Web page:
For 4 years we had province of Bolzano-Bozen as title for South Tyrol. 4 years without edit wars, 4 years of (at least implicit) consensus. It was decided to change it according to common usage. I have no problem with that. But in the case of Trentino-Alto Adige/Südtirol things seem to be immutable. That makes no sense and it goes against the common usage rule. Sorry, but we cannot hold a poll to subvert wikipedia standards. I repeat for the nth time: this is not a democracy. Any alternative is better than the clumsy hybrid Trentino-Alto Adige/Südtirol, for the simple reason that its usage in English is extremely limited if not totally absent. Unless we want to operate double standards.--Patavium (talk) 20:22, 27 April 2011 (UTC)

Oppose per Gryffindor. The current name is the correct name. Outback the koala (talk) 16:39, 27 April 2011 (UTC)

  • Support move/rename - I agree with the reasons as outlined by the nominator. This is the English Wikipedia, and according to the policy of WP:COMMONNAME, this article does not, and should not, use the subject's name as it might be spelled in non-English languages as its article title; it instead uses the name that is most frequently used to refer to the subject in English-language reliable sources. This includes usage in the sources used as references for the article. Dolovis (talk) 14:56, 3 May 2011 (UTC)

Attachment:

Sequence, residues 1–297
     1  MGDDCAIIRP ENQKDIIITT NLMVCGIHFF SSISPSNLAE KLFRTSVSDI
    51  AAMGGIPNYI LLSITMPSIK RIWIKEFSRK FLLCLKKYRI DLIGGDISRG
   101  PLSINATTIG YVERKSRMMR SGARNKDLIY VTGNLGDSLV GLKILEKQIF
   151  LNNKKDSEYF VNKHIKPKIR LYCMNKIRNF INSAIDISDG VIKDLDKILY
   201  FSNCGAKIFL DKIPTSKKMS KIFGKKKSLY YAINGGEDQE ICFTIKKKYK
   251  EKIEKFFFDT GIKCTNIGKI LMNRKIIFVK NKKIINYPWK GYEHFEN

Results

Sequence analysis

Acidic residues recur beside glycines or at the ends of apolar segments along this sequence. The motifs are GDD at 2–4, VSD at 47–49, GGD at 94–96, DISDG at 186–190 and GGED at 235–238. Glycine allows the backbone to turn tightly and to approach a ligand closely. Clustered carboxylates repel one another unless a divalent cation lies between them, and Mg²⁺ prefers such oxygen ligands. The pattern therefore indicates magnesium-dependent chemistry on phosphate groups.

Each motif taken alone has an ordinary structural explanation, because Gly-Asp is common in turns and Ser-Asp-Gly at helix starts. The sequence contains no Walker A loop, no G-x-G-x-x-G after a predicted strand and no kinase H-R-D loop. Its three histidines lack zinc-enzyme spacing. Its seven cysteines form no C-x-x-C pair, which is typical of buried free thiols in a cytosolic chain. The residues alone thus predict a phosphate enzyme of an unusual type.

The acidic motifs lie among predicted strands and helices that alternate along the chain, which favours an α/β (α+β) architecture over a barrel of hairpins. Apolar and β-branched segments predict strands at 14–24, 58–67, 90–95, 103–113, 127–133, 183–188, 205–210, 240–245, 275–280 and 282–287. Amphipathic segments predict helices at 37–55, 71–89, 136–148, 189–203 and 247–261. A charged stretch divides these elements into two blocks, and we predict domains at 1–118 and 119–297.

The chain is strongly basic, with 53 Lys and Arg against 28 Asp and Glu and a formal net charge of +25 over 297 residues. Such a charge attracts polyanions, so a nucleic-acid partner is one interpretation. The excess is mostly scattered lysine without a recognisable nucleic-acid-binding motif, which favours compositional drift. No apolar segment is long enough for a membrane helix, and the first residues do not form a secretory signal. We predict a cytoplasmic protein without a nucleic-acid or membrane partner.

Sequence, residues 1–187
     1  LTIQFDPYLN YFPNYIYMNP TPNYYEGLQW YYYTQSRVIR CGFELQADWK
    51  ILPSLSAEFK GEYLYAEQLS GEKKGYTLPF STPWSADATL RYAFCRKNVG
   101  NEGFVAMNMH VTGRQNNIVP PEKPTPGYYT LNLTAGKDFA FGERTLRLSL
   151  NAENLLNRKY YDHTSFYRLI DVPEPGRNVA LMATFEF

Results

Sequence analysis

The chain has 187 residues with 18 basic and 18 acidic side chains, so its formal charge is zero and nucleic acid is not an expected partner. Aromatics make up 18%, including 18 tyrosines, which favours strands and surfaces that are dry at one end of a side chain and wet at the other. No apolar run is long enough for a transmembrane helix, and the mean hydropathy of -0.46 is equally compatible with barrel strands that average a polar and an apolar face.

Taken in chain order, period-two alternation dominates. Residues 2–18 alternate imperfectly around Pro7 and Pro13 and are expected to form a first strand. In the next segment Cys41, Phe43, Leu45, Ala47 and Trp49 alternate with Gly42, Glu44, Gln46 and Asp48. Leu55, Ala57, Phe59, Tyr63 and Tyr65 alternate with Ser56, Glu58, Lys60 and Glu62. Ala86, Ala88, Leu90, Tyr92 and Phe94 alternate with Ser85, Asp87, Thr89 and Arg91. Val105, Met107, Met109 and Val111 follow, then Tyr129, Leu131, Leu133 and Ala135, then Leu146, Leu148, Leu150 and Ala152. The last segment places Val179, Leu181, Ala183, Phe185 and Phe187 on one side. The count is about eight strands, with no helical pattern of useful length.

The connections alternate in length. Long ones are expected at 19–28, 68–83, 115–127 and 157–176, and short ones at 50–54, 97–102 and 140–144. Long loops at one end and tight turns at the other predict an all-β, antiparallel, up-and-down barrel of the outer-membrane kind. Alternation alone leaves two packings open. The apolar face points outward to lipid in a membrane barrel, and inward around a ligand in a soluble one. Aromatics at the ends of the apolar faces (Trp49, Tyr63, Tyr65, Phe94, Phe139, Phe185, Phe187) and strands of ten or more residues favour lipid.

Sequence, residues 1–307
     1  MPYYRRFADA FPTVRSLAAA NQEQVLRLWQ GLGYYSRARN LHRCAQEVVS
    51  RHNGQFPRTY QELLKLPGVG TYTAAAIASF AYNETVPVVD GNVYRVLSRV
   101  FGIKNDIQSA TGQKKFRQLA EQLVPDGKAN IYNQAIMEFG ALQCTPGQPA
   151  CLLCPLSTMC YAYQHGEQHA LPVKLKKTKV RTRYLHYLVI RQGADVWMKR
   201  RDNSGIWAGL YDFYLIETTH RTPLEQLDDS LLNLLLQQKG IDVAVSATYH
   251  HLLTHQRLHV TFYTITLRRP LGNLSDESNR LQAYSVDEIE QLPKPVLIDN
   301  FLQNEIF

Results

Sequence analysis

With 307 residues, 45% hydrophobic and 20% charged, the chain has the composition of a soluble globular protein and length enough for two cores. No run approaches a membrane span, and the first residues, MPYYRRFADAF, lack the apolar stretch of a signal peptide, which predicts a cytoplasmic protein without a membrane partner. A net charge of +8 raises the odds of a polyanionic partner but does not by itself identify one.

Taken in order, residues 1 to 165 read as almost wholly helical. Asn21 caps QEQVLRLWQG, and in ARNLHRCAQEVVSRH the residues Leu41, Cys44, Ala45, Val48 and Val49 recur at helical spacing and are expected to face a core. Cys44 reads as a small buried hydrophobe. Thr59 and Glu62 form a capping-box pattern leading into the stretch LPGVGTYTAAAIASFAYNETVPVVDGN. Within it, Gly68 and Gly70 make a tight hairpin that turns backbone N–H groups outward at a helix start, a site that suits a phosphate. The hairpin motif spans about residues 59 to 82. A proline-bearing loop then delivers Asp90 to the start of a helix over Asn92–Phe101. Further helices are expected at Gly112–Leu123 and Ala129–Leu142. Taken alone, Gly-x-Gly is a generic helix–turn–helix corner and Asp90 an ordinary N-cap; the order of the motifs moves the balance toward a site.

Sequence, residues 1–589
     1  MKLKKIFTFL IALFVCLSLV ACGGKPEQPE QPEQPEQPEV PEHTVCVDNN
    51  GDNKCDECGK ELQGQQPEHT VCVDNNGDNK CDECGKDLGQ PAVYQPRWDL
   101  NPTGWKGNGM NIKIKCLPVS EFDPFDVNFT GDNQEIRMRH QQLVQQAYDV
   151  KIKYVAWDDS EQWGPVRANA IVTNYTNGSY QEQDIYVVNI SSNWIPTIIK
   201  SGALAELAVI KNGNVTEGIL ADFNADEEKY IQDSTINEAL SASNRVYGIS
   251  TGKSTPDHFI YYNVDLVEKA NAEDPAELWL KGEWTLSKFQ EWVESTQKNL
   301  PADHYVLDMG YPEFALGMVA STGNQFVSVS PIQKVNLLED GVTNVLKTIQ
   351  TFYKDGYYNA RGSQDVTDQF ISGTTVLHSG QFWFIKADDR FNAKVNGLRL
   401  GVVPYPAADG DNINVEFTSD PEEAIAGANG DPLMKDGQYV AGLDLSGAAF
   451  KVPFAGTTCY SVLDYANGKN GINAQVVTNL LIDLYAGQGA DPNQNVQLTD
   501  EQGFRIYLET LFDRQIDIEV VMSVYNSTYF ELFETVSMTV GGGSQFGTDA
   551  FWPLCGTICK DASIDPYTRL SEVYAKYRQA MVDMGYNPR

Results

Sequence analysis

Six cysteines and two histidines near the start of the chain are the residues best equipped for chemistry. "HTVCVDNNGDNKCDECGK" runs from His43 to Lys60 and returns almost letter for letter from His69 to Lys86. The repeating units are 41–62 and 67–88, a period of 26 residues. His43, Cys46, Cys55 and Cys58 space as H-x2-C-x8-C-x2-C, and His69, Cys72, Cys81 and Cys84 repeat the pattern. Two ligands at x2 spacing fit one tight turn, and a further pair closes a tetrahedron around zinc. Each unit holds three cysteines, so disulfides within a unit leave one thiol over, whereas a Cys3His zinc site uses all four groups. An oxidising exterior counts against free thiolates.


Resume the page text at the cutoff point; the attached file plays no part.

The above discussion is preserved as an archive of a requested move. Please do not modify it. Subsequent comments should be made in a new section on this talk page. No further edits should be made to this section.

Move request at Province of Trento[edit]

More appropriate name[edit]

The current name gives the impression that there are two names for this region #1 "Trentino-Alto Adige", and #2 "Südtirol" (that is to say, that all of it can be called "Südtirol"). Its a bad idea. Its also a bad idea to call it simply "Trentino-Alto Adige" per the many valid arguments listed above. Since on this project "Alto Adige/Südtirol" is named South Tyrol, this article should be renamed to "Trentino-South Tyrol" per WP:EN (among other things). -- Director (talk) 17:09, 28 November 2012 (UTC)